A Circle of Frustration, Honesty, Commitment and Tears By Daniela Cohen

A Circle of Frustration, Honesty, Commitment and Tears
By Daniela Cohen

Published on Sat, Jan 10 2009 by Daniela Cohen

Briget and I en route to the farm gate.

At 5:55 a.m. on Tuesday morning, I find myself walking with Briget to the farm gate. Amazwi has just relocated its newsroom to Acornhoek, and it’s the first day of our new routine. It’s a great move for the newspaper. Being based in the community we are supposed to be serving will allow the Villager to build up a strong presence, help us to make connections with the locals, enable residents to find us easily and the journalists to do fieldwork whenever they need to.? On the other hand, it means commuting to work when it’s still dark outside. We walk briskly, aiming to get there just before 6:15a.m., the time we believe the bus arrives. The cold helps me to wake up. Once in the street outside the farm, we stand and wait. Ten minutes go by, fifteen, twenty. Shivering, I shift my weight from side to side. Finally, I hear a loud rumbling along the road. The bus drives up, barely missing us where we stand. We climb on, and after some confusion, end up getting off at Plaza, a shopping complex near the newsroom, and taking another bus the rest of the way.

View of Acornhoek

Nothing is open. Not even the street vendors have begun to set up their stalls. We make our way to Anjo’s Chicken & Car Wash, open the back door of the room behind it, and enter the space that is now our office. The desks are in disarray, chaos left over from the installment of the burglar bars yesterday afternoon. We wouldn’t be able to leave the computers in here without security. We wipe the dust off the surfaces. There will soon be more.

Lydia in the newsroom.

I take off my jacket, toque and gloves. By the end of the day, the sun will be burning, and I will change my takkies (sneakers or track shoes) for the sandals I have brought with me in a plastic bag, strip down to my tank top. I extricate the smallest tupperware container from amongst my supplies, and spread some jam on my bread. More than anything, I wish for a hot cup of coffee, but we don’t yet have a kettle. I can smell the steaming brew, almost taste it. I try to put the image out of my mind.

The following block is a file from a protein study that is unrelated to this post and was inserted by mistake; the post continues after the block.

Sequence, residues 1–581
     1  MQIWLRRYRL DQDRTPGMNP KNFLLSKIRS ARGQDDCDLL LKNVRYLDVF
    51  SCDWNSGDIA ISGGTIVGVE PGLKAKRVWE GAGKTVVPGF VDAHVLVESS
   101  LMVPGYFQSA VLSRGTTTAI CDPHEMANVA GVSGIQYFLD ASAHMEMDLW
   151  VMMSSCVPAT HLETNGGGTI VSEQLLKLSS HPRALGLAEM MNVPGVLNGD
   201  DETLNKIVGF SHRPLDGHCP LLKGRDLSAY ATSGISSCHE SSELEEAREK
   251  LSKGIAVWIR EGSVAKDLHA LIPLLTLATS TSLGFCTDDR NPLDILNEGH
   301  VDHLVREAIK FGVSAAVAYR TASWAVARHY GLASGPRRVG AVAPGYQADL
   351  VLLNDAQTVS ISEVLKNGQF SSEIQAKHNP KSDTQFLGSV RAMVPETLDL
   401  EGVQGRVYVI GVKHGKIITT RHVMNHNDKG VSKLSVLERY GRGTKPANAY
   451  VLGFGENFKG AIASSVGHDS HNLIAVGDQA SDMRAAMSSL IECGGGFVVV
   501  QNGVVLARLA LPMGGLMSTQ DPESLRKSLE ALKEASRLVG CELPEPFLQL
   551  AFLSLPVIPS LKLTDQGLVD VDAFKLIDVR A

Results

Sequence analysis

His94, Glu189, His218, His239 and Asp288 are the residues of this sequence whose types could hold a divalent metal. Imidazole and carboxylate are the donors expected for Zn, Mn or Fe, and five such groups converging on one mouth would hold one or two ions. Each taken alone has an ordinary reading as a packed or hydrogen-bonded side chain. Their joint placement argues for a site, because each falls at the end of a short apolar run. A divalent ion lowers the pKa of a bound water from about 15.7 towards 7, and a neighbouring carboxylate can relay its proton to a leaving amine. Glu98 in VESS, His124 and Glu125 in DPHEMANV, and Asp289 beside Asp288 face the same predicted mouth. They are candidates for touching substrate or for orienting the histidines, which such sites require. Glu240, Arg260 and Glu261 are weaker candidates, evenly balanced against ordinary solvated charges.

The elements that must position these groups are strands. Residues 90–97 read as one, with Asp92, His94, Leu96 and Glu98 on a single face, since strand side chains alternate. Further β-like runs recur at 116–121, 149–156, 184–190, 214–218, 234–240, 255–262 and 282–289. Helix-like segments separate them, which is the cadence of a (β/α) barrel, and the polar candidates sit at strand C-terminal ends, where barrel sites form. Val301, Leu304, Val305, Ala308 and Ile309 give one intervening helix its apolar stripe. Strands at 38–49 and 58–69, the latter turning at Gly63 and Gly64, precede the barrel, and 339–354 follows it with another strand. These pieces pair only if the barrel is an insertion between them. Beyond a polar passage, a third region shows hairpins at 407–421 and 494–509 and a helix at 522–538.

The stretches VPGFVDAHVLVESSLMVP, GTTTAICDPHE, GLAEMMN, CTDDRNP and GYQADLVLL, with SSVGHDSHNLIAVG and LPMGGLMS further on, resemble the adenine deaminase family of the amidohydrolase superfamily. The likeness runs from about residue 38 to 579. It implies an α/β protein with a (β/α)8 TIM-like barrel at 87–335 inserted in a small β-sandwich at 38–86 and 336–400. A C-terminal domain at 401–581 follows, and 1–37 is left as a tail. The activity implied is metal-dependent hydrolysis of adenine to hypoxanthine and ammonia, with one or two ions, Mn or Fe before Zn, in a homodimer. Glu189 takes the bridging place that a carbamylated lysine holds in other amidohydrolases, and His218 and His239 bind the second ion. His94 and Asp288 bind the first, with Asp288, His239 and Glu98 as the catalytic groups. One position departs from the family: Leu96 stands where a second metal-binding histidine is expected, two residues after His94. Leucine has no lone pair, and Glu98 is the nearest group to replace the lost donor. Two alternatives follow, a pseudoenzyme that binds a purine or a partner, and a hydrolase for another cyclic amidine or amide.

Front view of the office.

Outside, nothing stirs. The dusty ground rests beneath the thatch structure covered by colored cloths that makes up Anjo’s chicken restaurant. An entrepreneur in Acornhoek, he has generously donated his former storage room to Amazwi. Space here is expensive and hard to come by, and without Anjo’s help, it would be nearly impossible for us to have a base within the community. His car wash is to the left. Tied to two wooden poles outside the front door, black netting full of holes flaps in the breeze. Rubbish festers outside the back entrance and in the ditch out the front. Caring for the environment doesn’t seem to have taken effect here. During the day, you can see the life of the village in motion. People walking down the street! Cars vrooming by! Now and then, the deafening noise of the train whooshing past! Life in all its color and vibrancy around us. A stark contrast to the silent bush of the farm!

View of Anjo's.

The journalists arrive at 7:30a.m., our new official start time. Today, Briget is going to lead a photo project – telling a story through images, she explains. Blank faces stare back at her. They need to choose a theme and take at least 50 pictures. She gives them two hours to complete the assignment. After they leave, we ponder the lack of enthusiasm displayed. I feel Briget’s pain: photography is her passion, but the journalists don’t seem to appreciate her efforts to help them gain experience with the craft.

Bongi reading the latest issue of the Villager with Cosi behind her.

When they return, we push our chairs into a circle, an arrangement fostering connection, openness.

“How did it go?” Briget asks with a smile.

Silence. They slouch in their seats. Finally, they explain that people do not want to be photographed, and are rude when they ask. That’s the spoken grievance. The unspoken is more complex; it hangs heavy in the dusty air.

“What’s going on?” Briget asks.

Editorial meeting.

The circle houses frustration, honesty, commitment, tears. When we ask how we could work better as a team, the issue of Thandi and Linky still not speaking four months after their argument over a ‘stolen’ pen comes up. As if on cue, they both start to talk about what the other has been doing wrong, at the same time refusing to acknowledge the other’s presence with even a turn of the head. The rest of us take turns prompting them to direct their comments to each other, and finally, they are speaking, or rather, hurling accusations at each other. The point they are most vehement about is that things are fine as they are; they see no need for them to talk to one another.

“But it’s hurting you, it’s hurting all of us,” we insist.

“It’s not hurting me. It’s fine. I’m happy,” Linky declares, tears rolling down her cheeks. I look over at Thandi beside me. Her arms are folded tightly across her body, her face is like a stone wall. I can see the tears welling up in her eyes as well.

No matter what any of us say, they won’t budge. The idea of apologizing for hurting each other’s feelings rather than for a specific action one person is guilty of does not appease them. In desperation, Lou grabs a box of pens and empties it onto the floor.